What is Sikhism? | 10tv.com


“People really noticed me at the airport and on the plane, didn’t they? It stands out. At the same time, people don’t know who we are. “

Members of the world’s fifth largest religion stand out in the United States. BAsk who the ut Sikhs are and what they believe in, study Indicates that up to 70% of Americans cannot respond.

“On the other hand, we stand out a lot with our unique identity, our turban and our beard,” said Simran Jeet Singh. Sikh Coalition, A non-profit organization created after September 11 the tragedy.

“People really noticed me at the airport and on the plane, didn’t they? It stands out. At the same time, people don’t know who we are. ”

today,Around 30 million Sikhs around the world.. About 1 million Sikhs live in North America.

“Whenever I have to explain who I am and what my identity is, I always tell them that Sikhs were once warriors.“” Said Deb Bhatia, the founder of a nonprofit organization. Sikhs of St. Louis..

One of the youngest great religions in the world

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Sikhism, which began in the 15th century in the region of northern India known as Punjab, was founded at a time when superstition and social inequality dominated the country.

The founder of Sikhism, Guru Nanak, was born into a Hindu family. From an early age he sought to establish the belief that all people, regardless of caste or gender, would consider equality.

They called themselves Sikhs. It means “student” in Sanskrit. The term “master” means “teacher”. In the 2.5th century, there were 10 Sikhs. At the beginning of 18e century, IncludeGuruFinally inherited from the 10th Guru to the SaintSikhsBible,Guru Glance SahibThis is now considered a living guru by Sikh followers.

“Sikhism is about believing in humanity. Sikhism means that there is only one god. We see humanity as one race, ”says Bhatia.

History (and meaning) behind the Sikh turban

Early in its history, Sikhs had to defend their beliefs against the tyranny that persecuted the Mughal Empire and minority religious groups.

At that time, Guru Gobind Singh, the tenth Sikh guru theFormally made of the turban a symbol of faith.

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“Basically only Sikhs wear turbans,” said Vik Singh Saluja of Chesterfield, Missouri.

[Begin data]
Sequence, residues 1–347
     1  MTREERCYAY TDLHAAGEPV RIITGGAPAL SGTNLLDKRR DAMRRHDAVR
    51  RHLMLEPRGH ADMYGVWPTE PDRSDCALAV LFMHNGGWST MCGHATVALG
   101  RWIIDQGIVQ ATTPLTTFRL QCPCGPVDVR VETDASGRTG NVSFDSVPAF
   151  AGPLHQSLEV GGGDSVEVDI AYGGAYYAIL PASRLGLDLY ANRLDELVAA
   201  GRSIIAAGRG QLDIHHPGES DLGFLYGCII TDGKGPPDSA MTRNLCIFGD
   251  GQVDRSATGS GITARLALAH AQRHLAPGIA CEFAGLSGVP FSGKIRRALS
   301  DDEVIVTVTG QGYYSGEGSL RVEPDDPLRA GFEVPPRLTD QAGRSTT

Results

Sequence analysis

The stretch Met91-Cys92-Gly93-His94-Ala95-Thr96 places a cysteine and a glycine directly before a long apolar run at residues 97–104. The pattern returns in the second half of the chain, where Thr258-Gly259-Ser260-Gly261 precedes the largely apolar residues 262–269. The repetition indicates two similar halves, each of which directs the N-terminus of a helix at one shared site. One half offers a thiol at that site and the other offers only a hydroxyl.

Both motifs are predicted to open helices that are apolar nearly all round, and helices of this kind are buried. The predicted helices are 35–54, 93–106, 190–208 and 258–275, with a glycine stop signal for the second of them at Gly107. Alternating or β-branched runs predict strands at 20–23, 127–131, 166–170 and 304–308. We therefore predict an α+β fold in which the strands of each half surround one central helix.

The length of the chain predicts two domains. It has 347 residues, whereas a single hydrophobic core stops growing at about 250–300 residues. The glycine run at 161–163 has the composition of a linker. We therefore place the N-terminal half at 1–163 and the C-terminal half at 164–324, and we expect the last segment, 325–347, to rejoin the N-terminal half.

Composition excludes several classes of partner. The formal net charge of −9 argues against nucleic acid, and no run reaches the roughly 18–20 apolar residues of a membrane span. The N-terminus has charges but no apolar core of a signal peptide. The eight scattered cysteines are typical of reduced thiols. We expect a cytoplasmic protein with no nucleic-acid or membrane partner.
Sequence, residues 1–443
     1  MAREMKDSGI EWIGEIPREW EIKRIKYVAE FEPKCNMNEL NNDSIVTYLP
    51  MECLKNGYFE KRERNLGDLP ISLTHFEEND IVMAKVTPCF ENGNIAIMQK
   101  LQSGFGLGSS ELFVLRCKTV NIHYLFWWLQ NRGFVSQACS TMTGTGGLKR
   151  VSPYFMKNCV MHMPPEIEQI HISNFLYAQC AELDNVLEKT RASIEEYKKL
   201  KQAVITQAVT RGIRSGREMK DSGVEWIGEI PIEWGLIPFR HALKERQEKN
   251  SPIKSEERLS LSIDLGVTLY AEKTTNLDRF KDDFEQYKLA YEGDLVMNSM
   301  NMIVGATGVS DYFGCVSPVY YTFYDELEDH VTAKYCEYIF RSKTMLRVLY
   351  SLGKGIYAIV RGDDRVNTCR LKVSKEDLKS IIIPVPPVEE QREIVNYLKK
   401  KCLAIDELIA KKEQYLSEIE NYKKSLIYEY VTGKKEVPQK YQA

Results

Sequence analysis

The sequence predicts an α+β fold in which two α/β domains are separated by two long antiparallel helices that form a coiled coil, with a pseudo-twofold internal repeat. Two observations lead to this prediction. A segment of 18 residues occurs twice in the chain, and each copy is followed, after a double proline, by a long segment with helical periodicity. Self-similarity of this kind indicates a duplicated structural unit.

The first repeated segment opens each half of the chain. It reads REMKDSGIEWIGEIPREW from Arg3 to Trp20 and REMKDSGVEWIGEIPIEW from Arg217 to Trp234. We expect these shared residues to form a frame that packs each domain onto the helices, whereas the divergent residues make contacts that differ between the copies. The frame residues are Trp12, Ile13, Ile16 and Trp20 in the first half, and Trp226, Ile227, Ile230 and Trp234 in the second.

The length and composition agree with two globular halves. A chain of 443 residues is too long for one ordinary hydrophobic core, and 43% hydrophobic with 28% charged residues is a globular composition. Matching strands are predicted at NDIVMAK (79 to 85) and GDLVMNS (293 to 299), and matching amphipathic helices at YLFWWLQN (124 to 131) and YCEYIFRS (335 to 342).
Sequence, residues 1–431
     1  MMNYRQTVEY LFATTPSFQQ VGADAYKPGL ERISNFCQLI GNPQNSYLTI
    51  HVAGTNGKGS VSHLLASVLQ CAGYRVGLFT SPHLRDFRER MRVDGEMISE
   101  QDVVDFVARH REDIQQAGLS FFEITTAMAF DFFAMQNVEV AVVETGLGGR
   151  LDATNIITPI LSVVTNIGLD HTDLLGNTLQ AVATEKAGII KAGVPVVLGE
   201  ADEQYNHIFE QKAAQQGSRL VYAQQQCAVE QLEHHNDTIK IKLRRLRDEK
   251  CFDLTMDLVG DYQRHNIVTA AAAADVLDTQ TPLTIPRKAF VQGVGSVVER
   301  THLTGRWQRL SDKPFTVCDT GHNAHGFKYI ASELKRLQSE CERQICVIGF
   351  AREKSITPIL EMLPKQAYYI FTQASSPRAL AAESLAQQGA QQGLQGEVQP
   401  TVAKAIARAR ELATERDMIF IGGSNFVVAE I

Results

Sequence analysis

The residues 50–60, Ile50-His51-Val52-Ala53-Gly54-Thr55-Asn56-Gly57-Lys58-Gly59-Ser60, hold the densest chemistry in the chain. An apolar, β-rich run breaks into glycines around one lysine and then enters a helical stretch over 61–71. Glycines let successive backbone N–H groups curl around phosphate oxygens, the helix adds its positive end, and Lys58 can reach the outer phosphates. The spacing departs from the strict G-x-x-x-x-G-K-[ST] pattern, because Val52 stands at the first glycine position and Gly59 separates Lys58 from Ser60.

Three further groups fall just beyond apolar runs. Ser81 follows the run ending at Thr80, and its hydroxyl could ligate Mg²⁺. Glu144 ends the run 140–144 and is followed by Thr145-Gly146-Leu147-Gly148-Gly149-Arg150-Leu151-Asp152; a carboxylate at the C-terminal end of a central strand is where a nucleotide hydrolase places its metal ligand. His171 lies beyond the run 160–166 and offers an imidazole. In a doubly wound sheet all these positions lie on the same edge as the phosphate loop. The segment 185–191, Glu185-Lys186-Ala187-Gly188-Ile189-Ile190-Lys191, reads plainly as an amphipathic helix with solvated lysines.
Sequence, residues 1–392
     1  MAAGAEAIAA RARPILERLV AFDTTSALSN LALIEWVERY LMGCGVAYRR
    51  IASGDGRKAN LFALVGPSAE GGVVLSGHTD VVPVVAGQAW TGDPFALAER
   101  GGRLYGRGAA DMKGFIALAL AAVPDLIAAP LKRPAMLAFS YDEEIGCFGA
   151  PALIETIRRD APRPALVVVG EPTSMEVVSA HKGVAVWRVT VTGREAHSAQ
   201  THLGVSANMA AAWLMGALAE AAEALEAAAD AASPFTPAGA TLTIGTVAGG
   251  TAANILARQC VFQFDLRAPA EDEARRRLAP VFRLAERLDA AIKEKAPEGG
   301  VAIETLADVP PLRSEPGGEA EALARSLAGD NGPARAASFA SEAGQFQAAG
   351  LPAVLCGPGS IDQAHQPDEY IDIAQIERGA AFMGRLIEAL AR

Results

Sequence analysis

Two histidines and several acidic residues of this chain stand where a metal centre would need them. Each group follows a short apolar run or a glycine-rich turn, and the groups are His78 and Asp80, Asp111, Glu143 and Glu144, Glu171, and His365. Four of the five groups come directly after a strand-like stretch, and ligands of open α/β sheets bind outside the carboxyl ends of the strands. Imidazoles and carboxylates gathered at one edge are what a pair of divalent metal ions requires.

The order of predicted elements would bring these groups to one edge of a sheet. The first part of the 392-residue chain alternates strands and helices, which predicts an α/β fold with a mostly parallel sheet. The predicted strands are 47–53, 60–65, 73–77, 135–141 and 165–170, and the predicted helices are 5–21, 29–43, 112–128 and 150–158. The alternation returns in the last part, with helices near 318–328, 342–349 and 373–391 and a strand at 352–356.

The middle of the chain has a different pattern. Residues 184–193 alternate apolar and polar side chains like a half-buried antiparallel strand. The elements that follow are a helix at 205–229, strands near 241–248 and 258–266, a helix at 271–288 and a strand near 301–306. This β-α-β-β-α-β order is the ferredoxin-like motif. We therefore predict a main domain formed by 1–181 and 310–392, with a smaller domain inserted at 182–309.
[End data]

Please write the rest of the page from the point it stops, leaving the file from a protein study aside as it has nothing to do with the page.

Vik and his wife, Pav Kaur Saluja, are Sikhs living in Chesterfield, Missouri.
They explain that other cultures in the Middle East and Asia often wear headgear which may be similar, but Sikh turbans are unique. It was used in part to identify Sikh warriors during combat.

“when [Sikhs] During the war, they couldn’t even identify who the Hindus or Muslims they were fighting against, Guru Gobind Singh the He actually turned around and said, “The way you are identified is through your turban. And if someone sees a man with a turban, he needs it for protection. You know you are a person. ““The pub said.

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“Nothing has changed over the years. You see Sikhs standing in the crowd and needing help, go talk to them and say, “Hey man, I need help. You have to help me, ”Batia said.

Before the establishment of Sikhism, turbans were worn by the upper class and cultural elite of India. Both the king and the ruler once wore a turban. however, The central teaching of the Sikh faith is that all are equal.

To eliminate the turban-related class system, Guru Gobind Singh Ji said that all Sikh men or women should keep their hair uncut and wear turbans. Other purposes of the turban include the protection and cleanliness of the long hair of Sikhs.

“We don’t cut our hair because God told us we should keep our bodies as God gave it to us.“Said Batia. Not all Sikhs wear turbans. Some people choose to cut their hair for personal reasons.

The later Sikh gurus also rejected the caste system by giving all Sikhs the surname Singh (lion) or hood (princess). Today we can see that Sikhs mainly use “Shin” and “Cowl” as their middle name.